The legislation sets out a broad framework, and the details will take shape following consultations
With the passage of the Online Streaming Act, the Canadian Radio-television and Telecommunications Commission (CRTC) have a broad framework to regulate online streaming and on-demand entertainment services. But what the regulatory obligations will look like and who will be regulated and exempt is still to be determined.
The legislation received Royal Assent on April 27. Next, Cabinet will issue a policy direction to the CRTC to guide its implementation of the Bill. The CRTC will consult with stakeholders and the public before it proceeds to make the regulations and orders.
The CRTC may decide to exempt some services, or classes of services, from regulatory obligations, says Margot Patterson, counsel at Dentons.
“There is a lot at stake for online services,” she says.
Patterson practises in the firm’s intellectual property; communications law; and media, entertainment, and sports practice groups. Her practice involves broadcasting, copyright, and advertising and marketing, and she has been advising online streaming and on-demand services on the Online Streaming Act, she says. Before joining Dentons in 2010, she was general counsel at the Canadian Association of Broadcasters.
The first major reform to the Broadcasting Act since 1991, Heritage Canada said the aim of the legislation is to require streaming services to contribute to the creation, production, and distribution of Canadian content.
“One of the most important sets of regulations will be those that define what Canadian content is,” says Patterson.
The Act sets out factors that the CRTC must consider when defining Canadian content, but there is still an opportunity for stakeholders to advance arguments on the nature of that definition.
Some believe that a more flexible definition than has existed in the past is appropriate, she says, and others believe that the definition should more directly reflect Canadian culture by featuring recognizable Canadian stories.
The bill was designed to provide the CRTC with a broad framework with which it would use its “deep expertise” to make important decisions along the way, says Patterson. The framework is “not extremely granular” but defers to the CRTC on how to implement the policies and priorities in the act and determine the obligations which will be attached to various services, she says.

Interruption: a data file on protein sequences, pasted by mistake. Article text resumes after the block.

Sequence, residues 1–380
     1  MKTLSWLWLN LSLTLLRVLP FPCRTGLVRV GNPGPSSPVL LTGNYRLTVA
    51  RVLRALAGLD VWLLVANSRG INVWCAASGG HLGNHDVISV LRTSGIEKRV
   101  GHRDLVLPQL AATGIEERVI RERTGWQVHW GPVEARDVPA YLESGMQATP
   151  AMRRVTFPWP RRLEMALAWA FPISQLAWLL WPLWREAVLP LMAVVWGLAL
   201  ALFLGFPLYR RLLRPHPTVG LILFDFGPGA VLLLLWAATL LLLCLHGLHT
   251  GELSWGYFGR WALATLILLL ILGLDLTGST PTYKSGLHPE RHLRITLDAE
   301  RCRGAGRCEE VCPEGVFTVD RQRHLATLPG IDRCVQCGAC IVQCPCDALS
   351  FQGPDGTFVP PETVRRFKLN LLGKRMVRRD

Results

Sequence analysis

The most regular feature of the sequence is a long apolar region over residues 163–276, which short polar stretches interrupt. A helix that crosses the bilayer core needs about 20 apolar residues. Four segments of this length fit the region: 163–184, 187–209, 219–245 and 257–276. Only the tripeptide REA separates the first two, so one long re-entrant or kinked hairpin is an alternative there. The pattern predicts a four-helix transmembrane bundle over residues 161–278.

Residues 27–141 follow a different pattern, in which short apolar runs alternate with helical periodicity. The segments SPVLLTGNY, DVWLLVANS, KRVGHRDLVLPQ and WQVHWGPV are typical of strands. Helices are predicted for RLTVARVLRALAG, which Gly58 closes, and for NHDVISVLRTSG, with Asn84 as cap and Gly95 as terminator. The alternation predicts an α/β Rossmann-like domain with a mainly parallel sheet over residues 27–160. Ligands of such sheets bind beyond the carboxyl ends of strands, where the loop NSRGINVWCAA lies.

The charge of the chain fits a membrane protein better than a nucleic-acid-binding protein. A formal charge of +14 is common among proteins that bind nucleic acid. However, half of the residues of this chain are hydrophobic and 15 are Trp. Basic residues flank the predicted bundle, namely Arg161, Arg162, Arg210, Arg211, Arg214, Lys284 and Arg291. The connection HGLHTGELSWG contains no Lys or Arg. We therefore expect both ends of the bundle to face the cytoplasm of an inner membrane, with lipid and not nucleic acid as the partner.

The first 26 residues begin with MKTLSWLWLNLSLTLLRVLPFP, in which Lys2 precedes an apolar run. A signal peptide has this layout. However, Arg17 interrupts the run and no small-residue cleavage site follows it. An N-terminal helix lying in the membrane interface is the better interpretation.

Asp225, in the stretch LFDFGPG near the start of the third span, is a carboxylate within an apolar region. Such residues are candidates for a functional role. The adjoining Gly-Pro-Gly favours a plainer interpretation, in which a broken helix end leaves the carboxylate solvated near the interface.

Ottawa’s aim was to “level the playing field” between online services and traditional broadcasters, says Patterson.
The legislation will apply to both audio-visual content and exclusively audio content, such as podcasts.
"Today, we are standing up for our stories, our artists, our producers and our creators,” said Minister of Canadian Heritage Pablo Rodriguez. “We're standing up so that Canadians have even more opportunities to see themselves in what they watch and listen to.”
“With this legislation, we are ensuring that Canada's incredible talent has a bigger and brighter stage online,” said Rodriguez. “They tell our stories, they make our voices heard, they contribute to our economy, and they make our culture what it is: strong, diverse and unique. Today, we stand up because our stories matter and our artists who tell them matter.”
Heritage Canada said that the Online Streaming Act is one of three legislative projects which form a key part of the government’s “digital agenda.” The other two are the Online News Act and a bill on online safety which is still in development.
Much of the controversy surrounding the bill stemmed from whether the CRTC would regulate user-generated content on social media platforms. The government rejected a senate amendment that would have exempted individual content creators. The Conservative party also alleged in Parliament that Bill C-11 would censor what Canadians see online and have pledged to repeal the legislation when they form government.